(Seen here with Superflash Stealth)


Finally, my winter gloves are missing since I moved in June, and my lighter full-finger gloves got, literally, destroyed in April when I crashed. (I should take some pictures; there’s still some blood on there.) From my parents, who gave me the bulb and headlight, I received the Planet Bike Borealis Winter Gloves. These suckers have the pinky and ring-finger together for added warmth and are supposed to be waterproof. The Giant gloves I had last year were very warm. But in weather like we’ve been having lately, speeding-winds usually rendered my pinkies numb and useless — not to mention that when they got wet, I froze. I haven’t gotten these wet yet, but I’m hoping they’ll help with my cracked/bloody knuckles. This one, from this past weekend, cracked like an egg in a few places and really bled a lot.

So what kind of awesome bike gifts did ya’ll give/receive? I gave someone awesome a nice rear light for a birthday in December, but I can’t say I gave a single bike-related holiday gift this year.


Obviously.  Snow riding can be fun.  But riding through the mounds of frozen goo left by plows and cars and people shoveling into the street — not to mention black ice — is not the casual ride we had in mind. Five people getting hurt on a ride isn’t going to promote or celebrate cycling so much.

How about next week or a New Year ride?


Monday, December 21st. Early evening/after work. Stay tuned for the time/place, as we watch the winter weather unfold. As much as riding in snow and ice can be fun, doing it for the hell of it sounds like an invitation for injuries.  So if the weather’s bad, we’ll have to do a post-Christmas or New Year’s ride.

This is a mega casual ride — not a critical mass or memorial ride by any means. Bring a Thermos!  It’s just fun to get together and celebrate winter cycling. If the weather does not cooperate, perhaps we could all get some beers somewhere fun that night?

More info this weekend.

UPDATE!!!!

The forecast looks grim, with snow this weekend, which will thaw a little and refreeze Monday night (in the 20s), making for black ice and other nastiness.  As much as winter riding is fun, we’d like to be uninjured and enjoy it.  Personally, I’d hate for anyone to get hurt when we should be having fun.  We’ll have to call it after Saturday when we know how bad it is.


It’s next week already! The short idea is to meet in North Baltimore somewhere and just have a quiet little 15 (or so) miler around town to celebrate winter cycling, the holidays, lights — hopefully including a spin to the Harbor and possibly to the 34th Street thing. We’re going to count the votes by 9:00pm EST on Wednesday the 16th and post the date on the 17th.

I’ll message folks via the Facebook group to hopefully get some more responses.  For the 21st, it’s the start of WINTER.  So it has a nice ring to it.


There’s a great post at Bike Radar about how to survive a bike crash, since we will all have one eventually. Before the safety dogs go nuts, think about this: How many people do you know who have never ever ever been in a car accident? How many people do you know who have never ever ever fallen down walking or running? I’m thirty and have been car-free for four years. And I’ve been in exactly five car accidents, one o of which I caused and one of which (not the one I caused) totaled my car. Sure, I know people who have been in fewer accidents, but I know people who have been in more, also, even people younger than I am.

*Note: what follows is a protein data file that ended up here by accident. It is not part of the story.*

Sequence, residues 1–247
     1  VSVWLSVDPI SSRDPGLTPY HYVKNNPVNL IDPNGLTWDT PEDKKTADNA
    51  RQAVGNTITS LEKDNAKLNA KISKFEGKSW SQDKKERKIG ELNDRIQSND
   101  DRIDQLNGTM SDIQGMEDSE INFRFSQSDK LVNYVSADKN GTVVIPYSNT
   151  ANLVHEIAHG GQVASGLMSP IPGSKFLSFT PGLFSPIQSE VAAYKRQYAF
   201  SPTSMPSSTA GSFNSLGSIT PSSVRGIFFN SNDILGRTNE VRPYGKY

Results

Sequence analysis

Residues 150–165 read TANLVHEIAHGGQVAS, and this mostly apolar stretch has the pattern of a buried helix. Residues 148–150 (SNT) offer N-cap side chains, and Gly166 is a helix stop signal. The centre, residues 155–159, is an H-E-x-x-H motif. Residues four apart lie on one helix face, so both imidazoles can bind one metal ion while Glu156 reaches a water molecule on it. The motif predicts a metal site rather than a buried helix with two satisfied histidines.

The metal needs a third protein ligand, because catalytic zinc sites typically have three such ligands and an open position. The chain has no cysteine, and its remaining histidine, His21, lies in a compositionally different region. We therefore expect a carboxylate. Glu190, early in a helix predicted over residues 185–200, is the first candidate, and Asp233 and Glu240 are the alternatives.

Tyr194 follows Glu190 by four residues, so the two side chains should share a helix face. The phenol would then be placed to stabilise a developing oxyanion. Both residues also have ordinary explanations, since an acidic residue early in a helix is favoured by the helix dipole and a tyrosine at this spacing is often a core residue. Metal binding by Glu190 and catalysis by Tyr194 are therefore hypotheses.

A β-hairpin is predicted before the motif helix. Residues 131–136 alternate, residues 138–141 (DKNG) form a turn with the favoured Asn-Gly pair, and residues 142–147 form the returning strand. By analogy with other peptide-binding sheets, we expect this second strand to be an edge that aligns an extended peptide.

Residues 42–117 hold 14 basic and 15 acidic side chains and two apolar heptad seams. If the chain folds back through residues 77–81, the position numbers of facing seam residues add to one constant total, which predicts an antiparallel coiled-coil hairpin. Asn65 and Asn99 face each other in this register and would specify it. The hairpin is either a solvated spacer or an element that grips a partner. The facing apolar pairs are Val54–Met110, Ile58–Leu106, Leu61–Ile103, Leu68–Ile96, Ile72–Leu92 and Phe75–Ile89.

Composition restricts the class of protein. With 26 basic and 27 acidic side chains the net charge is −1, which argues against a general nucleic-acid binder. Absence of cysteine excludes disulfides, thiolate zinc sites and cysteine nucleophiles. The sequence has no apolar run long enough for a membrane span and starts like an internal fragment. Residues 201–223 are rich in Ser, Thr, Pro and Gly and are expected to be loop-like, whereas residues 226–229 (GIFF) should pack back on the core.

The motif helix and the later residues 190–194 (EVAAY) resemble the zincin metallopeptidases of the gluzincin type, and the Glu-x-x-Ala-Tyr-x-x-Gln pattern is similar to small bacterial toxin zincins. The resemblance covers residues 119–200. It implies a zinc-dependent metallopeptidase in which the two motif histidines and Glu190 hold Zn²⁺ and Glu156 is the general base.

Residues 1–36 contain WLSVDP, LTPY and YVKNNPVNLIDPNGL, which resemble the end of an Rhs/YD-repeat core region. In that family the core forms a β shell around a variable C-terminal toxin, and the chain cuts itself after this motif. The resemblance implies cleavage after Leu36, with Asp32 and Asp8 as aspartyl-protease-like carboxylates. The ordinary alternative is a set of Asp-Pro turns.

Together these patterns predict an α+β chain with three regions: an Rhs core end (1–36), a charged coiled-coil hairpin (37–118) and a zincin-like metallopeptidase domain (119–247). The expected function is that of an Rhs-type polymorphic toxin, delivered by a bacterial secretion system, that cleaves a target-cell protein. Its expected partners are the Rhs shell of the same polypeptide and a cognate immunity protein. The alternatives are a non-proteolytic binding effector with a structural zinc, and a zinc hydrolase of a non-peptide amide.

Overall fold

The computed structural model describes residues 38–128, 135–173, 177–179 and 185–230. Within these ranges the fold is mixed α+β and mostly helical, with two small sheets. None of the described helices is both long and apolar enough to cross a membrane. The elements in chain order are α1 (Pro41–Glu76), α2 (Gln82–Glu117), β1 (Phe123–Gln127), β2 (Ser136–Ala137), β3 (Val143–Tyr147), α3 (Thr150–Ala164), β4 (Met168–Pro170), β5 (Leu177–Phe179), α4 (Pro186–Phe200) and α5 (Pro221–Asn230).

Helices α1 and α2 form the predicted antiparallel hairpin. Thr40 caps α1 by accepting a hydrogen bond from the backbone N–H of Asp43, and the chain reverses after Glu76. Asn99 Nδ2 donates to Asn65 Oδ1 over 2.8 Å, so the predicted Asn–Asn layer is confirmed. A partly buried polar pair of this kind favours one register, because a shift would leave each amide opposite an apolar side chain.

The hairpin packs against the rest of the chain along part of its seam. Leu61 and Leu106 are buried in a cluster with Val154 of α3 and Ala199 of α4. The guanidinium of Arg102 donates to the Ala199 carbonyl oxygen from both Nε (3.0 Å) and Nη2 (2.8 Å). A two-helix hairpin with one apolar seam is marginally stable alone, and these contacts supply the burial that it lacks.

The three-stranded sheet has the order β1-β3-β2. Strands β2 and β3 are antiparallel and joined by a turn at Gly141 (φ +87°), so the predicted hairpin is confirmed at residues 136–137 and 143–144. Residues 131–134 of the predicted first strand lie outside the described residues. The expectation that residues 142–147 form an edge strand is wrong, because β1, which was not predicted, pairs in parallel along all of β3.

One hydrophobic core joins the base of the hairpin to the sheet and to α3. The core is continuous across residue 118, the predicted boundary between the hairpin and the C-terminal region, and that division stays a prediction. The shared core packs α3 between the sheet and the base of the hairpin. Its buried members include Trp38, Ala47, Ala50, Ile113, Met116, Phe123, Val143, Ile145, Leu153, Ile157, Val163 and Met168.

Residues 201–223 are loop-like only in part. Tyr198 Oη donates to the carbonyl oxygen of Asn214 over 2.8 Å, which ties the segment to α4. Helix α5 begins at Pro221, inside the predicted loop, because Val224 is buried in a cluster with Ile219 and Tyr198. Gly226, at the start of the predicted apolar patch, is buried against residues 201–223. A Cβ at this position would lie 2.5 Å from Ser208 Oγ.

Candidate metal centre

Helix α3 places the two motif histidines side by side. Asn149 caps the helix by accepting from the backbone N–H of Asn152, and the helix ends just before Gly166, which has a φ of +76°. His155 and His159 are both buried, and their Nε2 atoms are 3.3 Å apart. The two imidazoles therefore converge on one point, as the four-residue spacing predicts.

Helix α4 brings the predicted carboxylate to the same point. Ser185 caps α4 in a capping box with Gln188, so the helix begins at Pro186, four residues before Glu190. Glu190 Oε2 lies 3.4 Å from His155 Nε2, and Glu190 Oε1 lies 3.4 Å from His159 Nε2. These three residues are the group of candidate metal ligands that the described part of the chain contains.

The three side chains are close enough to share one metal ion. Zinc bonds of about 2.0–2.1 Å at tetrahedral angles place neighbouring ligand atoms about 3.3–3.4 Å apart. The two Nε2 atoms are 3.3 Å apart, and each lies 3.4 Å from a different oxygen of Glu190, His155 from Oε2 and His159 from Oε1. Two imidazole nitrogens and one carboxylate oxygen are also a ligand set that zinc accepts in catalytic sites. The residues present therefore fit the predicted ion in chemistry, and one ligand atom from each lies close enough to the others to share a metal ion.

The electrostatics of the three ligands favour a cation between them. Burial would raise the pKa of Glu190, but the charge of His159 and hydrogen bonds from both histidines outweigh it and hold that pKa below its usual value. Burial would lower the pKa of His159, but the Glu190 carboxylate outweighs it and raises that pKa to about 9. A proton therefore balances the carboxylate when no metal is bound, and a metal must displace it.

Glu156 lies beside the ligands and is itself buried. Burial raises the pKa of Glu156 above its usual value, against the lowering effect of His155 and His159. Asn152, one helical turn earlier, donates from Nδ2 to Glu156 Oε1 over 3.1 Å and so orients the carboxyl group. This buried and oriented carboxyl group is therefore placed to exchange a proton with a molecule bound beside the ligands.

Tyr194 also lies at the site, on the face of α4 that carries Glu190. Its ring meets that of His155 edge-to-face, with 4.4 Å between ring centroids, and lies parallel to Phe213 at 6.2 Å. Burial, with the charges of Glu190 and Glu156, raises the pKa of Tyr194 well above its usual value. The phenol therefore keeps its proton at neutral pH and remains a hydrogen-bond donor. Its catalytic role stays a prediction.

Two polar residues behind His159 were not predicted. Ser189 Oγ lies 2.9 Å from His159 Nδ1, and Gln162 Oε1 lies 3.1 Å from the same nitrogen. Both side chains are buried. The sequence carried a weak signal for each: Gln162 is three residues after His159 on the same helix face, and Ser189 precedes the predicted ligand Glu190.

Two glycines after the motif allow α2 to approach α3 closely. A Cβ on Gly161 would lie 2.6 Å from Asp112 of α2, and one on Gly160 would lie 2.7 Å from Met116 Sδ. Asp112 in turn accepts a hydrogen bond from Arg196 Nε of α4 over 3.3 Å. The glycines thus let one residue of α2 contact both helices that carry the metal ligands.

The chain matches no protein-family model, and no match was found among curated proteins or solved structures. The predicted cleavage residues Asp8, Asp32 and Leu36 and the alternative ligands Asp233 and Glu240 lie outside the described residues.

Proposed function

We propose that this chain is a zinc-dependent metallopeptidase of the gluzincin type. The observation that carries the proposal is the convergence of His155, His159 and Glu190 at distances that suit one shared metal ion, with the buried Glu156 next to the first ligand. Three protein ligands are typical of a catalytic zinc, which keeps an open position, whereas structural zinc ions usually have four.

I don’t know if everyone is going to crash on their bike, though.  There are people who ride way more than I do who haven’t crashed as adults.  Last winter, I went down on some ice on January (just a bruise and scratch in the paint of my downtube and a lot of thankfulness that there were no cars and that only one person saw me) and infamously went down in April (from which my hands are still busted up).  I know Mr. Zack had a (literally) scrape with the wall on the Jones Falls Trail switchback at Stieff, but he didn’t go down — just got rock-wall-rash on his arm.  Certainly, there are veritable bike heroes in Baltimore like Barry, who have been in some crashes.  But in a cases like this, I chalk it up to just plain high mileage.  I don’t know anyone who rides their bike more than folks like Barry and Greater Brown Bear.  In other cases, I’m sure, crashes get caused by people riding drunk, on dark streets sans lights, by not paying attention, easily-prevented equipment failure, etc.

Sometimes, as happened to me (with my little 8 mile commute) and as happens with high-mileage folks (certainly not including myself in that category), cars and infrastructure might eventually get you.  But will it get all of us, as cars are getting more used to seeing us and when the infrastructure for cycling in Baltimore gets better every single day?

I wouldn’t want to tell someone whose interested in cycling but afraid to take the plunge, “Dude, you’ll crash one day.  A pot hole, car door, ice, gravel, drunk guy — it’s gonna happen.”  But I wouldn’t want to outright lie, either.


Okay.  We’re trying to pick a date.  We’re down to December 21, 22, or 23 (Monday, Tuesday or Wednesday).  Which do folks prefer?  Please vote in the comments section!


With this cold, wet, snowy mess hitting Baltimore today, I thought perhaps we could use photos of that beautiful, sunny November day when we all paid tribute to Jack Yates and to cycling in [North] Baltimore.

Josh, from Baltimore Bicycle Works.


Liam, from Cyclosity.


GHCC board member John.